The International Energy Agency (IEA) has released a new report revealing that 50% more renewable capacity was added globally in 2023 than in 2022, but financing remains an issue.
As the globe hurtles towards impending net zero targets – and with the recently signed pledge by 118 countries to triple renewables by 2030 at the recent COP28 summit in Dubai – the recent release of the IEA’s Renewables 2023 report will be welcome. But the publication does include some key challenges that must be addressed to bolster net zero efforts.
Crucially, the standout figure from this year’s document is that global annual renewable capacity additions increased to 510GW in 2023. This represents the fastest growth rate that has been witnessed in the past two decades.
Now this should serve as huge praise to all throughout the global renewable value chain who have worked tirelessly to bolster the energy transition and maintain the Paris Agreement’s legislation to keep global warming increase well below 2°C with a target to limit it to 1.5°C.
Turning our attention to GB, the nation has seen its renewable capacity bolstered significantly over the past year and saw various wind generation records broken. The result saw low-carbon energy sources contribute 51% of the electricity used by Britain with fossil fuels having made up 33% of GBs electricity mix across 2023. Carbon Brief attributed the decline of fossil fuels to two factors: renewables increasing sixfold (by 113TWh) from 2008, and reduced electricity demand, which decreased by 21% (83TWh) since 2008.
Of the renewable energy sources added, solar PV accounted for three-quarters of additions worldwide with China being where the largest growth occurred. For readers wanting to learn more about solar across 2023, our sister site PV-Tech provided its own analysis to the IEA report.
China also saw huge growth in its wind sector with additions having risen by 66% year-on-year. This staggering total has seen the nation become the largest developer of wind in the world, something that could come as a blow to the UK with its offshore wind pipeline having dropped below China over the course of 2023.
Casting its eye to the future, the IEA report outlined that “under existing policies and market conditions, global renewable power capacity is now expected to grow to 7,300GW over the 2023-28 period covered by the forecast”.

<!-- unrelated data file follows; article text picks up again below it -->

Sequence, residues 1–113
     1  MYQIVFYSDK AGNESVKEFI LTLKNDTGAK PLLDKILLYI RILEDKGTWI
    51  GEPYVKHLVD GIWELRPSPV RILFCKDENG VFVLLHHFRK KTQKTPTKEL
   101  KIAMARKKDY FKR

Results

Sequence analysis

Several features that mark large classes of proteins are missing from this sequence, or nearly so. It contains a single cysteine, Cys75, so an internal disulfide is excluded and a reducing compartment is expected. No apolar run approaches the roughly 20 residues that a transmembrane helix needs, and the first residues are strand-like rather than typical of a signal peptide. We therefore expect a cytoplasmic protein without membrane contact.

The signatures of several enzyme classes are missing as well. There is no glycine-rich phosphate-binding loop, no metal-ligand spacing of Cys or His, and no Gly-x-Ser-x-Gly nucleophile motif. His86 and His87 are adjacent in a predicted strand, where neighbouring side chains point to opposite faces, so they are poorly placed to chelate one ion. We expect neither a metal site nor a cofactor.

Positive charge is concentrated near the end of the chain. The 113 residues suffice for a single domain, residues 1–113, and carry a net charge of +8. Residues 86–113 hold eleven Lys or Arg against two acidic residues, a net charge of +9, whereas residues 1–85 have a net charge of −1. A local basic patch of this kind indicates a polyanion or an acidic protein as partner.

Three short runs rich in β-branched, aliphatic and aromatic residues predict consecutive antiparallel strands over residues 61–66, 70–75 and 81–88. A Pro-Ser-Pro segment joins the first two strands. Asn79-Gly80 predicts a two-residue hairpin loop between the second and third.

Although this is generally positive in the global energy transition, more needs to be done in order to achieve the tripling of renewable capacity target. “However, solutions to boost renewable deployment across the globe must be developed on a case-by-case basis, rather than a ‘one size fits all’ approach”
Overall, however, the IEA does single out that “more rapid policy implementation drives renewable power capacity growth 21% higher than in the main forecast, which would push the world towards being on track to meet the global tripling pledge.” This of course is relevant to the UK transition with the government having made several rollbacks on renewable targets in recent months as well as campaigning for annual North Sea oil and gas auctions.
By implementing policy at a faster rate, the IEA forecasts that government could close the gap to reach over 11,000GW in renewable capacity by 2030.
The need to support emerging and developing economies
Another crucial aspect of the IEA report is its view into the global race to net zero. As referenced by the organisation, G20 countries account for almost 90% of global renewable power capacity today meaning that much must be done to support emerging and developing economies and countries as they transition away fossil fuels.
In what the IEA is referring to as its “accelerated case”, it finds that the enhanced implementation of existing policies and targets could help G20 countries triple their collective capacity by 2030. Doing so then presents an opportunity to turn their attention to non-G20 nations and support them in their own energy transition.
To achieve the global goal, the “rate of new installations needs to accelerate in other countries, too, including many emerging and developing economies outside the G20, some of which do not have renewable targets and/or supportive policies”, the IEA highlighted.
An eye to the future
The IEA referenced various major milestones that could be achieved by 2028. Firstly, should the current trajectory continue at its rate, the globe could well bring online more renewable capacity between 2023 and 2028 than has been installed since the first commercial renewable power plant was built more than 100 years ago.
Indeed, this showcases the opportunity and collective movement to ensure net zero targets are met. However, this may not be enough. As mentioned previously, more time and resources must be allocated to support developing countries in their own net zero journeys to ensure that the Paris Agreement targets are met and maintained.
Other key milestones include:
- In 2024, wind and solar PV together generate more electricity than hydropower.
- In 2025, renewables surpass coal to become the largest source of electricity generation.
- Wind and solar PV each surpass nuclear electricity generation in 2025 and 2026 respectively.
- In 2028, renewable energy sources account for over 42% of global electricity generation, with the share of wind and solar PV doubling to 25%.
With the push to bolster renewable generation capacity expected to ramp up further into the decade, it will be interesting to see how the UK government manages its expectations and is able to take a global leadership role in the fight for net zero.